"We are His people, the sheep of His pasture. Enter His gates with thanksgiving." —King David, Psalm 100
"My sheep hear My voice, and I know them, and they follow Me." — King Jesus, John 10
While I don't know much about those white, fluffy animals Scripture talks about, I've been tending sheep—the human variety—for a long time. I like the way Jesus compares his Church to a sheepfold, and even calls us His "little flock." Best of all, He describes Himself as our Good Shepherd.
In observing "sheepfolds" over the years, I've been fascinated by a particular group I've come to call "Near Sheep." Near Sheep are the ones who seem to enjoy being near the Shepherd. They're easy to spot because they're always at His feet, brushing up against His ankles. Near Sheep get those choice treats the Shepherd keeps in His pocket. If their fleece becomes matted, or if a thorn gets lodged in their hoof, the Shepherd's healing hand is always nearby.
Near Sheep are already there at feeding times, they're the first ones to the feed bin. They get the fresh water before it's been trampled and muddied by a hundred hooves. Near Sheep get loving nicknames. Gentle pats on the head. Being close to the Shepherd is a safe place; with that rod nearby, no predator is likely to sink his fangs into you. All things considered, it's good to be a "Near Sheep."
We've all known "Far Sheep," too. For whatever reasons, Far Sheep prefer the outer boundaries of the pasture. Far Sheep come lumbering in at designated feeding times, but by the time they arrive, the grain and water are no longer fresh. They aren't happy about this.
Those little emergencies? The Shepherd faithfully makes his rounds to check on the Far Sheep, but they may have been hobbling about on a sore hoof for hours before He's arrived.
Far Sheep see the Shepherd, primarily, as a service provider and a protector; they've come to doubt, though, that He's very good at either. Wolves and bears stalk the distant fence-lines, and have snatched away more than one Far Sheep. At the edge of the corral, sadly, the sheep-talk is often about the Shepherd's failures. They don't believe the sheepfold is a very good place.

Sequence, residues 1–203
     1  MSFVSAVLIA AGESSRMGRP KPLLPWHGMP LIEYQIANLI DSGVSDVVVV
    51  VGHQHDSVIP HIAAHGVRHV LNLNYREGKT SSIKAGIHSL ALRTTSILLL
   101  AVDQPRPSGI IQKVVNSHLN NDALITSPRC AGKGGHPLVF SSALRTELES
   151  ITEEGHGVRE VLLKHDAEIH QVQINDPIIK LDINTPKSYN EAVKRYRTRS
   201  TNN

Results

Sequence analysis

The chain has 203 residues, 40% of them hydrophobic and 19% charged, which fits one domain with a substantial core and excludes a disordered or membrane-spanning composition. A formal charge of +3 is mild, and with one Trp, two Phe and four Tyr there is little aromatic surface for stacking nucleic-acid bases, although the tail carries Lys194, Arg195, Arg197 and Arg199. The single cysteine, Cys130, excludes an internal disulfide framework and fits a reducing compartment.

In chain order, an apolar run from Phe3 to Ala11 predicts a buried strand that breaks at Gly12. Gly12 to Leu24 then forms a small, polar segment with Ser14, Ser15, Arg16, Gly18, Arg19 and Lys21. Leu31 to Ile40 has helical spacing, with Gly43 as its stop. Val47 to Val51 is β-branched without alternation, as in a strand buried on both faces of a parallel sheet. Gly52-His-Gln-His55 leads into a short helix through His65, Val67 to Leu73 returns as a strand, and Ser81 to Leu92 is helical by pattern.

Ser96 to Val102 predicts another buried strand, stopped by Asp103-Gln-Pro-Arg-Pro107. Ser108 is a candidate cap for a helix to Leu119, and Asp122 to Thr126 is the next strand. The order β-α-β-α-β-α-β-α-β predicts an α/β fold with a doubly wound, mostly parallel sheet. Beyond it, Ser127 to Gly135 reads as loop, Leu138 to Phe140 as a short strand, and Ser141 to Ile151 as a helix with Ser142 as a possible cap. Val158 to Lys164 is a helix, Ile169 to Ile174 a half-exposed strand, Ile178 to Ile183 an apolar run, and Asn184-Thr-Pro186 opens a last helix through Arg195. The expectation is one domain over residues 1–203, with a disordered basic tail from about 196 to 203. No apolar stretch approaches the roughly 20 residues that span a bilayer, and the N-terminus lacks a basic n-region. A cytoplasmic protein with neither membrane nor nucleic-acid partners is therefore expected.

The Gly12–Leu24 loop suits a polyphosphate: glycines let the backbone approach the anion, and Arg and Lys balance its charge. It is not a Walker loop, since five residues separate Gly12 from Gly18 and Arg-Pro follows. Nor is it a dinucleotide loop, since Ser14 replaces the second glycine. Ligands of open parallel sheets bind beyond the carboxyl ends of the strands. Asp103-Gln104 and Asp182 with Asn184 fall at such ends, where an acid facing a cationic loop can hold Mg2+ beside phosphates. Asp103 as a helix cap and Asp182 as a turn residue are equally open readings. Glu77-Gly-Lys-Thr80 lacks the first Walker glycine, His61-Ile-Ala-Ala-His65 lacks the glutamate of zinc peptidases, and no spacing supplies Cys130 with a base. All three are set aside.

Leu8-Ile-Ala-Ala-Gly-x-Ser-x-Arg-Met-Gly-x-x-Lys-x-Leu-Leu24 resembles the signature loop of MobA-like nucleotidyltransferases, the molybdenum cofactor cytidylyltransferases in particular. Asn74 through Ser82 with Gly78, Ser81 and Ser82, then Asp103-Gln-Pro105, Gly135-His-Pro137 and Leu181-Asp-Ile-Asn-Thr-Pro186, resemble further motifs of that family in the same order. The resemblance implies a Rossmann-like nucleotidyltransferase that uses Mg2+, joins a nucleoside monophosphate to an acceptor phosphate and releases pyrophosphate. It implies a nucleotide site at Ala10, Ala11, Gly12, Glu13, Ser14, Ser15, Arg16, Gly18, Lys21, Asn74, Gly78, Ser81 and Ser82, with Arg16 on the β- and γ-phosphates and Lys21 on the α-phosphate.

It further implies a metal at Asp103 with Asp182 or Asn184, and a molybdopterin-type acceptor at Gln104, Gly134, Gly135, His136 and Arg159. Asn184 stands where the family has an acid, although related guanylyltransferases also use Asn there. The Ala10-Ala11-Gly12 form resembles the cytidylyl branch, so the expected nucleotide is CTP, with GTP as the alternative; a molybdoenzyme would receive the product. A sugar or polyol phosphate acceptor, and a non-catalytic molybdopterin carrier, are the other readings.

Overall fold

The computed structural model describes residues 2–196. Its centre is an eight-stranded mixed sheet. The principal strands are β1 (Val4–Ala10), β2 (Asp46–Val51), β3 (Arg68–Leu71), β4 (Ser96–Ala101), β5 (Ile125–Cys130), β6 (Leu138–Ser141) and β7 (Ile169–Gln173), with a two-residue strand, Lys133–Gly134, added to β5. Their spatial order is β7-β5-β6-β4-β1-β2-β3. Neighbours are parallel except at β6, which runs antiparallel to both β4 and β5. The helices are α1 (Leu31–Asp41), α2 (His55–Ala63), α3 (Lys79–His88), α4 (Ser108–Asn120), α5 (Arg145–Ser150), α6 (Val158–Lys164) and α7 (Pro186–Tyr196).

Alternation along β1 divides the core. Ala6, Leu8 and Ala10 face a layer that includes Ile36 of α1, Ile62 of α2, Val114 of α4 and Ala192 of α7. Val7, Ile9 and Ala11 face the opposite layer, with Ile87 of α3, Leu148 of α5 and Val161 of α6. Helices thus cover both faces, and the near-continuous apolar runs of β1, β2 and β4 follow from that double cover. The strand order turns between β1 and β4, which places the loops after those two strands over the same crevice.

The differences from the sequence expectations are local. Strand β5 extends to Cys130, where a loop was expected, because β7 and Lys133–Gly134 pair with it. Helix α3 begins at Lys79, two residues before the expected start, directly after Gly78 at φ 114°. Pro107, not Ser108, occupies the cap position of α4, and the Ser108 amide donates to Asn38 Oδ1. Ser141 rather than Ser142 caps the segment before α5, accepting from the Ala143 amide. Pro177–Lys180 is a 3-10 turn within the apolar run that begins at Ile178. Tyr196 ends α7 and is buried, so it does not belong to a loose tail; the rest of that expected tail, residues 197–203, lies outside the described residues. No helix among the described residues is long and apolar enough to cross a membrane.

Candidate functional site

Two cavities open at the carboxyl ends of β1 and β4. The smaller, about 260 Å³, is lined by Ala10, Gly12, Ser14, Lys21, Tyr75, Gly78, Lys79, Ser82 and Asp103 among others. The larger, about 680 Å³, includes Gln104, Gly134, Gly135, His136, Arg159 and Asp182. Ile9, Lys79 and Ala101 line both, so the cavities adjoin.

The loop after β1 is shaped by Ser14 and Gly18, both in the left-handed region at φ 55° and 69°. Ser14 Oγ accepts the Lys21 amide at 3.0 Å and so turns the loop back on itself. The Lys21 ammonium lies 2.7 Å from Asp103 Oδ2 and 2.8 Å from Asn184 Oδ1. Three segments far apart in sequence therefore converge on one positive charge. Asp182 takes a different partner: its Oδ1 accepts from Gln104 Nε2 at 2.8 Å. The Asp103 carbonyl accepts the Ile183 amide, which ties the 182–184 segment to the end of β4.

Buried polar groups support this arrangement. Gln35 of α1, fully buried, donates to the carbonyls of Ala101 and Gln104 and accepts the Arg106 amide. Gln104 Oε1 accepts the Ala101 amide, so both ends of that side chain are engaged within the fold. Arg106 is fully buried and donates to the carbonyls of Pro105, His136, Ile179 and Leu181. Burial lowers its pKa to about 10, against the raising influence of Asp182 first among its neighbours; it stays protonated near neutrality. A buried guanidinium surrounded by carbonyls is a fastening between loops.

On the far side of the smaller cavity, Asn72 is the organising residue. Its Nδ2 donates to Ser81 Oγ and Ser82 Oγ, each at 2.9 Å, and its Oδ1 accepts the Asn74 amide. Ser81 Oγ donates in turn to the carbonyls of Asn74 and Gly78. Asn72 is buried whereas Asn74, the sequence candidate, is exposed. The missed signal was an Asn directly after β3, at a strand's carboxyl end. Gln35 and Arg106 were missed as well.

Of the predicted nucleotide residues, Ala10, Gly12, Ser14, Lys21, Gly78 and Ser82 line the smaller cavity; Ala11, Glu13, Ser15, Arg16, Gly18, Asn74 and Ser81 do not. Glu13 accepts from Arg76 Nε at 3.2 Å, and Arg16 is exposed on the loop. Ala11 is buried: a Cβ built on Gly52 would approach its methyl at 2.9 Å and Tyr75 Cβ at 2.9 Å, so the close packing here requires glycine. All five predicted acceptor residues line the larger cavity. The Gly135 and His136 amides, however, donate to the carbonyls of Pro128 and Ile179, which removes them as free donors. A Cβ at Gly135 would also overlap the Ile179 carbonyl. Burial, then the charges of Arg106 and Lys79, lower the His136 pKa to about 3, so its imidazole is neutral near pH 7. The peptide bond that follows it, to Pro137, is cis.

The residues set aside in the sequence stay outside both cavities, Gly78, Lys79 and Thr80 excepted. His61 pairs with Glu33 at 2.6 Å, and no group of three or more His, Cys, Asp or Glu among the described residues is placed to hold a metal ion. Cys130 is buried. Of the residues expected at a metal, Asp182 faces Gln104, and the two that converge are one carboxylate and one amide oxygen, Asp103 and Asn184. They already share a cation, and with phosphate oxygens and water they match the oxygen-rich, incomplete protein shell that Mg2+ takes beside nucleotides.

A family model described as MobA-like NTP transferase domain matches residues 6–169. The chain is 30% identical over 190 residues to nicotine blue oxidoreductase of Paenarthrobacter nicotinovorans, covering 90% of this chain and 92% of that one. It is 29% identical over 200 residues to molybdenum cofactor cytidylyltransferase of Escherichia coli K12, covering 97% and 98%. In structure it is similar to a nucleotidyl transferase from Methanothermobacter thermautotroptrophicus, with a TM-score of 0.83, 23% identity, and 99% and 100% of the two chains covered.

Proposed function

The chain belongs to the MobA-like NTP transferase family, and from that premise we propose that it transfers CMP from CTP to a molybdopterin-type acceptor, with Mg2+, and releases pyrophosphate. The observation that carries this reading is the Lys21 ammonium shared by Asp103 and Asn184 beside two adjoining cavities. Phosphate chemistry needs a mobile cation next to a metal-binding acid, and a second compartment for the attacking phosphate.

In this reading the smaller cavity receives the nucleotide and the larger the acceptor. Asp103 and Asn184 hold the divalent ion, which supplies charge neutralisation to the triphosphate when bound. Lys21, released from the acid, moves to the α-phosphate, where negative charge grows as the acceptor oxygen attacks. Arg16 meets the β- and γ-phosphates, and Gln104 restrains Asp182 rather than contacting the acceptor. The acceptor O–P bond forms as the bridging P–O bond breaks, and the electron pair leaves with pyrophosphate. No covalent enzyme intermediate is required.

As an under-shepherd, I can tell you confidently that Near Sheep are the joy—the life— of ministry! And yes, Far Sheep provide nearly all the grief.
I don't think anyone sets out to be a Far Sheep. It just happens. Both Isaiah and the hymn writer described us as prone to wander. It's not good, but, like gravity, it's the natural direction of a human heart.
I do believe, though, that we deliberately become Near Sheep. We choose to enter His gates with thanksgiving. We decide to listen for the voice of the Shepherd. We fix our eyes on Jesus. As we draw near to Him, we'll discover He's already drawing near to us. After all, we're talking about the Good Shepherd Who, long ago, showed that He loved us so much that He laid down His life for the sheep.
Phil Christensen is worship pastor at Cedar Hills Evangelical Free Church (CHEF) in Cedar Rapids, Iowa. He is married to Mitzi, the Beauty Queen, and is father of four great kids. Phil has served as a worship development missionary in the Pacific Northwest and is co-author of two books for Kregal Publishing. You can reach him via email at email@example.com.